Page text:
Richard Nixon in Office
Richard Nixon in Office
Richard Nixon was elected president in 1968. His conservatism appealed to a nation weary from a tumultuous decade of social activism and political reform. Nixon opposed racial integration, denounced the liberal Supreme Court, and promised a return to order, stability, and decency in America. In office, he scaled back progressive reforms, eventually pulled U.S. troops out of Vietnam, and focused on détente between the U.S. and its Cold War enemies. Despite all these activities, Nixon is best remembered for the Watergate scandal that ended his presidency.
In the election of 1968, Nixon portrayed himself as the representative of the “silent majority,” a label he used to designate American citizens who had grown tired of progressive reforms, student protests, and racial integration of schools. However, to the Republicans’ dismay, Democrats in Congress blocked many of Nixon’s conservative efforts and succeeded in pushing through progressive reforms, including bills to extend social welfare programs and protect the environment. One of the most telling signs that the 1960s’ spirit of liberalism and youth activism still held strong was the Woodstock Festival, a three-day music festival attended by thousands of young liberal Americans in August 1969.
Although many of Nixon’s conservative initiatives failed in Congress, including his attempt to hold off the integration of Mississippi schools and his opposition to the extension of the Voting Rights Act of 1965, his efforts did succeed in winning the support of the white South. This support proved key to Nixon’s crushing defeat of ultra-liberal Democrat George McGovern in the election of 1972.
Vietnamization of the Vietnam War and Détente
The Vietnam War was perhaps the most pressing issue Nixon faced upon coming to office. The war, now widely opposed by the American public, was sapping the nation of military strength and economic resources. Nixon and his top adviser on foreign affairs, National Security Adviser and later Secretary of State, Henry Kissinger, devised three main strategies to “Vietnamize” (or “de-Americanize”) the Vietnam War. First, he gradually pulled American ground troops out of Vietnam, reducing the U.S. forces from about 500,000 in 1968 to about 30,000 in 1972. As a corollary to these efforts, he announced the Nixon Doctrine, which pledged a change in the U.S. role in the Third World from military protector to helpful partner. His second tactic to Vietnamize the war was to send Kissinger to North Vietnam to negotiate a treaty. Third, he authorized a massive bombing campaign in March 1969, which targeted North Vietnamese supply routes throughout Cambodia and Laos. (The Kent State protests covered in the last chapter were in response to the bombing in Cambodia.)
The Paris Accords, signed in January 1973, finally settled the terms of U.S. withdrawal, ending the war between the U.S. and North Vietnam but leaving the conflict between North and South Vietnam unresolved. The last American troops left South Vietnam in March 1973. By the time U.S. involvement ended, 58,000 Americans had died, 300,000 had been wounded, and conditions in Vietnam were as unstable and war-torn as ever. The war in Vietnam continued until 1975, when North Vietnam won control of the entire country.
U.S. participation in the Vietnam War effectively ended in January 1973 with the signing of the Paris Accords.
The gradual reduction of U.S. troops in Vietnam was an integral part of Nixon’s plan to achieve détente, an easing of tensions between the U.S. and its Cold War enemies. In April 1971, the communist People’s Republic of China hosted the U.S. table-tennis team, and in February 1972 Nixon visited China for a highly publicized tour and meetings with Mao Zedong, China’s leader. Though official diplomatic relations between the two nations were not established until 1979, this visit resulted in greatly improved communication between the two nations.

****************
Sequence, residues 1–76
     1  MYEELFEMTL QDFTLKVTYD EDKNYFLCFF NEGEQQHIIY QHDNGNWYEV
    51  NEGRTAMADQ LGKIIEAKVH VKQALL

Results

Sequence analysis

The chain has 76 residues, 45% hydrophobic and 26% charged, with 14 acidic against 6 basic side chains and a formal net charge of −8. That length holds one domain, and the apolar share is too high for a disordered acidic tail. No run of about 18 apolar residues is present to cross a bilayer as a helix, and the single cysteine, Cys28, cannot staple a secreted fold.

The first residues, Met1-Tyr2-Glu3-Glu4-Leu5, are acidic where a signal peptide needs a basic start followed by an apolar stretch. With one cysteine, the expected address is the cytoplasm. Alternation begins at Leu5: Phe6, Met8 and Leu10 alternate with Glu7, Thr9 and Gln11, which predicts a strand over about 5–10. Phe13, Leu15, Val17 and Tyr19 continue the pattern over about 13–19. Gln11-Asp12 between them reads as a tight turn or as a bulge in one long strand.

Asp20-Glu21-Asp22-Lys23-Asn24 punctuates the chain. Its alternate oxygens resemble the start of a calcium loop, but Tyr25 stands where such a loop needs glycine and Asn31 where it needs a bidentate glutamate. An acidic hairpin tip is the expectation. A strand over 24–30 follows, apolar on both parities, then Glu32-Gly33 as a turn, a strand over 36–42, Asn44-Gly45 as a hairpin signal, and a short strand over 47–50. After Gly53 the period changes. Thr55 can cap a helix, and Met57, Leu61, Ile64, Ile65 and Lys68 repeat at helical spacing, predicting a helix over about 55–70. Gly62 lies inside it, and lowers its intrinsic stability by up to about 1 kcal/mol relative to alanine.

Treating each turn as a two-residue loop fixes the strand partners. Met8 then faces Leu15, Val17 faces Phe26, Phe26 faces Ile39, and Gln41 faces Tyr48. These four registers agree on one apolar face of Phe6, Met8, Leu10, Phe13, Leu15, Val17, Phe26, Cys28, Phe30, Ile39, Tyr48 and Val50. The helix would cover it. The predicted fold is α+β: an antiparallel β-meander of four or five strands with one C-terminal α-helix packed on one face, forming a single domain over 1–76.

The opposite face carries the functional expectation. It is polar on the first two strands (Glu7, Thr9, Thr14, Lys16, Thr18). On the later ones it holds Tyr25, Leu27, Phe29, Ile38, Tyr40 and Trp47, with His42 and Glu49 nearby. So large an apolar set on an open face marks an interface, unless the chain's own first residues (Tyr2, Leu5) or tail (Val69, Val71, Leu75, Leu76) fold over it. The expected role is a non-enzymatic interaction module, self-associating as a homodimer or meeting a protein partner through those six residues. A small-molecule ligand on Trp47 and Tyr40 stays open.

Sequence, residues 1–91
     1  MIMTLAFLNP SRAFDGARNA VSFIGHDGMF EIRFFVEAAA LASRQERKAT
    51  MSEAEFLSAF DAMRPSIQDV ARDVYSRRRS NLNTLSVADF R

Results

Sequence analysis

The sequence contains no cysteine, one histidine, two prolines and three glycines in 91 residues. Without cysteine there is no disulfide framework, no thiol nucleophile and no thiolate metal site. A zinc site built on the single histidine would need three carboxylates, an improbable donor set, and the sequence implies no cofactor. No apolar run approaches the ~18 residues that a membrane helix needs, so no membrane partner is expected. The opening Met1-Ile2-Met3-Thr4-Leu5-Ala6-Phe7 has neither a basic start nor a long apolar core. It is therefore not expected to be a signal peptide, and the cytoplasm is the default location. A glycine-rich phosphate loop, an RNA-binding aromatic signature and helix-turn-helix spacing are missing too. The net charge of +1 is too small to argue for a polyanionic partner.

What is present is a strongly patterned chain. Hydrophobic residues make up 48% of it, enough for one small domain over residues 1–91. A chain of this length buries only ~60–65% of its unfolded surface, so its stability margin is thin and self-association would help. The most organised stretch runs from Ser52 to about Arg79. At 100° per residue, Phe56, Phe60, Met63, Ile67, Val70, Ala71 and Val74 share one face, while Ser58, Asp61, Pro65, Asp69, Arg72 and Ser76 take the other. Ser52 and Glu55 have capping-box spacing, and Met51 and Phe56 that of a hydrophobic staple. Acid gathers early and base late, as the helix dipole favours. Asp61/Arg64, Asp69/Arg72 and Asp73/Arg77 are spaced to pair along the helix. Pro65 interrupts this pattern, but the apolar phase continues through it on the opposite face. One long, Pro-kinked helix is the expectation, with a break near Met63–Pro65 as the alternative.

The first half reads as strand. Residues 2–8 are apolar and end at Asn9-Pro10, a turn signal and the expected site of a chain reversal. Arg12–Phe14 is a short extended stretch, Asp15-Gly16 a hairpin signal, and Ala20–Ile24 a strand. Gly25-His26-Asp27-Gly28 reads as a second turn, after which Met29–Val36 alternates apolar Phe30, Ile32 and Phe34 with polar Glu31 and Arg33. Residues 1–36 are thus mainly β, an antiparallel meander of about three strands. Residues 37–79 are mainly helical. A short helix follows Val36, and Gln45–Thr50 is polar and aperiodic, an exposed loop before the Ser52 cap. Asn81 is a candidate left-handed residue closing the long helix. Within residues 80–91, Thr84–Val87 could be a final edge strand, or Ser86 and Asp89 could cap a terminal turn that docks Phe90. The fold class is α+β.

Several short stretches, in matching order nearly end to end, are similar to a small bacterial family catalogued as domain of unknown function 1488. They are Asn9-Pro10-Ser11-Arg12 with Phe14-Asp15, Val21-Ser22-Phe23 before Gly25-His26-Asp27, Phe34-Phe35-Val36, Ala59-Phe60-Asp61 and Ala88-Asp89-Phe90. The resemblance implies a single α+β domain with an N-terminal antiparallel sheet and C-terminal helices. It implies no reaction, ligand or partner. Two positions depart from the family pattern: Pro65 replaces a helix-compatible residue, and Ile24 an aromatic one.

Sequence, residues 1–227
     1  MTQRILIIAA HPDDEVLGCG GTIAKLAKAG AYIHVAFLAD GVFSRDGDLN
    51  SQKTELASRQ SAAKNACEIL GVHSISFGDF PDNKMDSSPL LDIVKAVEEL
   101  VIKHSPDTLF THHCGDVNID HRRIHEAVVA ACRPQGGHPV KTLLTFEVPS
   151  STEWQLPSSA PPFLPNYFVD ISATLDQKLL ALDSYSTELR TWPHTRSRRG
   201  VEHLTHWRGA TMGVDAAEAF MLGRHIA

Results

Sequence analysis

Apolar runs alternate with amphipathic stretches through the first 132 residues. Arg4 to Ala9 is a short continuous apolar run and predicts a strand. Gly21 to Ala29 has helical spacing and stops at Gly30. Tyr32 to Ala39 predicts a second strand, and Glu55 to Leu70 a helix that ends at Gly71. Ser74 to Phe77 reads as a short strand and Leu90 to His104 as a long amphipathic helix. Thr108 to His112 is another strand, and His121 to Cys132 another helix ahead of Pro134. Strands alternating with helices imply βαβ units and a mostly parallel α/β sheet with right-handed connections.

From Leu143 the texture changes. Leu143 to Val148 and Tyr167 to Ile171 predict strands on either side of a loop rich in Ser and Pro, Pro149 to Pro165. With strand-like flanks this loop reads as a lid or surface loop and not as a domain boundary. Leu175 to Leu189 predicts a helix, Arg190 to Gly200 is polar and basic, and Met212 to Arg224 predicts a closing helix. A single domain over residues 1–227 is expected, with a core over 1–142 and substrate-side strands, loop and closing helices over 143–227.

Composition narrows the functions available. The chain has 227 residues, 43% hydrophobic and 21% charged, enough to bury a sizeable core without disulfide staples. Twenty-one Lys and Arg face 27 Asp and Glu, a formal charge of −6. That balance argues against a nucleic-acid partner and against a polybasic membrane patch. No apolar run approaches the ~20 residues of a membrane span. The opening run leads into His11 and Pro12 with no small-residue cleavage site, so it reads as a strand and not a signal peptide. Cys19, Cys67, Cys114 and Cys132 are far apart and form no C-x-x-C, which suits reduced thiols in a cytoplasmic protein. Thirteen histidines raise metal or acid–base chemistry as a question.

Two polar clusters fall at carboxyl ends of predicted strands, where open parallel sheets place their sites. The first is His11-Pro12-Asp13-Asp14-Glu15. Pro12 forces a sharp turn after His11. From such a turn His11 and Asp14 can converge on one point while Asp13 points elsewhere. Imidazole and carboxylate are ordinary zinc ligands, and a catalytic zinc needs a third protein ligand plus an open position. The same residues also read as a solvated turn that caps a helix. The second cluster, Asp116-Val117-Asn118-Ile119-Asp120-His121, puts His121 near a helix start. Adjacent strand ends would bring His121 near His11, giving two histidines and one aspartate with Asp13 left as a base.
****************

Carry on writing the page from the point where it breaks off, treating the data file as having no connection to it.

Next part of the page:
In May 1972, Nixon went to Moscow, where he signed the first Strategic Arms Limitation Treaty (SALT I). SALT I limited each of the superpowers to 200 antiballistic missiles and set quotas for intercontinental and submarine missiles. Though largely symbolic, the agreement sparked hope for cooperation between the two powers.
Nixon’s presidency ended with the Watergate scandal. During the 1972 presidential campaign, Nixon created the Committee to Re-elect the President (CREEP). In June 1972, burglars—later found to be employed by CREEP—were caught breaking into Democratic National Committee headquarters in the Watergate office complex in Washington, D.C., to plant bugs. A massive cover-up effort began, with Nixon vowing that no one in his administration was involved in the break-in. Attempts to destroy paperwork and bribe key individuals were gradually exposed, most prominently in a series of articles in the Washington Post. Reporters Carl Bernstein and Bob Woodward unmasked the Nixon administration’s corruption and attempted cover-up, having received much of their information from an unnamed informant known as Deep Throat. Top officials from Nixon’s administration resigned, including Vice President Spiro Agnew.
In July 1974, the House Judiciary Committee adopted an article of impeachment charging Nixon with obstructing justice. In August, Nixon turned over tapes of conversations proving his involvement in the cover-up and resigned as president before impeachment proceedings began. Gerald Ford assumed the presidency (Ford had been appointed vice president following Agnew’s resignation). Coming on the heels of the Vietnam War, the Watergate scandal inflamed the American public’s mistrust of the national government.
Facing impeachment because of his involvement in the Watergate scandal cover-up, Nixon resigned as president on August 9, 1974.
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